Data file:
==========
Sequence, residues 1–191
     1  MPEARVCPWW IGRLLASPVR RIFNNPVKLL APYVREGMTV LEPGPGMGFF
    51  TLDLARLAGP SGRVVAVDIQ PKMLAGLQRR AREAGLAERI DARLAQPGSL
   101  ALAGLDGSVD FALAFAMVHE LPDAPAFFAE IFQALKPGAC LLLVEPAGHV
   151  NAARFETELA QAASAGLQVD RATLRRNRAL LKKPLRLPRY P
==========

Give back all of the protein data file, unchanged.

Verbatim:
Sequence, residues 1–191
     1  MPEARVCPWW IGRLLASPVR RIFNNPVKLL APYVREGMTV LEPGPGMGFF
    51  TLDLARLAGP SGRVVAVDIQ PKMLAGLQRR AREAGLAERI DARLAQPGSL
   101  ALAGLDGSVD FALAFAMVHE LPDAPAFFAE IFQALKPGAC LLLVEPAGHV
   151  NAARFETELA QAASAGLQVD RATLRRNRAL LKKPLRLPRY P